A collection of thirty-five theoretical texts written between 1936 and 1966. Écrits has been characterized as elitist by Jean-Claude Milner, but Slavoj Žižek claims that
In fact, Lacan’s seminars and ecrits relate like analysand’s and analyst’s speech in the treatment. In seminars, Lacan acts as analysand, he “freely associates,” improvises, jumps, addressing his public, which is thus put into the role of a kind of collective analyst. In comparison, his writings are more condensed, formulaic, and they throw at the reader unreadable ambiguous propositions which often appear like oracles, challenging the reader to start working on them, to translate them into clear theses and provide examples and logical demonstrations of them.
Table of contents
- Overture to this Collection
- Seminar on the "The Purloined Letter"
- On My Antecedents
- Beyond the "Reality Principle"
- The Mirror Stage as Formative of the Function of the I Function, as Revealed in Psychoanalytic Experience
- Aggressiveness in Psychoanalysis
- A Theoretical Introduction to the Functions of Psychoanalysis in Criminology
- Presentation on Psychical Causality
- Logical Time and the Assertion of Anticipated Certainty
- Presentation on Transference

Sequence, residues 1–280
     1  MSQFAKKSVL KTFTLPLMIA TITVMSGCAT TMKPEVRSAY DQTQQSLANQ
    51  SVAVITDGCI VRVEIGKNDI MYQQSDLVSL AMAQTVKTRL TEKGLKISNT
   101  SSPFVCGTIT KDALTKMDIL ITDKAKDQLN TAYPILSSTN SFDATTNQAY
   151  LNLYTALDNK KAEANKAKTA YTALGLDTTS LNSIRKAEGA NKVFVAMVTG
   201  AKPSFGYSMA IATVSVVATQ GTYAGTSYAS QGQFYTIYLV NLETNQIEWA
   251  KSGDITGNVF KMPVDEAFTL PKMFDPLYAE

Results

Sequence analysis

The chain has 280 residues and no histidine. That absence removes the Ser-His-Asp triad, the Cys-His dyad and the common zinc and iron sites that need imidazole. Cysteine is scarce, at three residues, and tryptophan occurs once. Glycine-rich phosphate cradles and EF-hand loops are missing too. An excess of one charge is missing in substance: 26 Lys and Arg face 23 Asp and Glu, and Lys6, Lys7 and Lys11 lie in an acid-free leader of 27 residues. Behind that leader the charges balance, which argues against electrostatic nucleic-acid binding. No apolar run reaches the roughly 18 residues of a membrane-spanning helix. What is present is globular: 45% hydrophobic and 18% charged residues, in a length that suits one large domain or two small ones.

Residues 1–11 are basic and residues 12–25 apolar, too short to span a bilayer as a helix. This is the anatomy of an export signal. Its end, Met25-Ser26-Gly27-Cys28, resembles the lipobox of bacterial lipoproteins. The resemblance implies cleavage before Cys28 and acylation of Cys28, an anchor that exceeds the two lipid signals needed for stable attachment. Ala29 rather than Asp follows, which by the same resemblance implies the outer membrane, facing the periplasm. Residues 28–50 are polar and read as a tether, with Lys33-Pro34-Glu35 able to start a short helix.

- On the Subject Who Is Finally in Question
- The Function and Field of Speech and Language in Psychoanalysis
- Variations on the Standard Treatment
- On a Purpose
- Introduction to Jean Hyppolite's Commentary on Freud's "Verneinung"
- Response to Jean Hyppolite's Commentary on Freud's "Verneinung"
- The Freudian Thing, or the Meaning of the Return to Freud in Psychoanalysis
- Psychoanalysis and it's Teaching
- The Situation of Psychoanalysis and the Training of Psychoanalysis in 1956
- The Instance of the Letter in the Unconscious, or Reason Since Freud
- On a Question Prior to Any Possible Treatment of Psychosis
- The Direction of the Treatment and the Principles of Its Power
- Remarks on Daniel Lagache's Presentation: "Psychoanalysis and Personality Structure"
- The Signification of the Phallus
- In Memory of Ernst Jones: On His Theory of Symbolism
- On an Ex Post Facto Syllabary
- Guiding Remarks for a Convention on Female Sexuality
- The Youth of Gide, or the Letter and Desire
- Kant with Sade
- The Subversion of the Subject and the Dialectic of Desire in the Freudian Unconscious
- Position of the Unconscious
- On Freud's "Trieb" and Psychoanalyst's Desire
- Science and Truth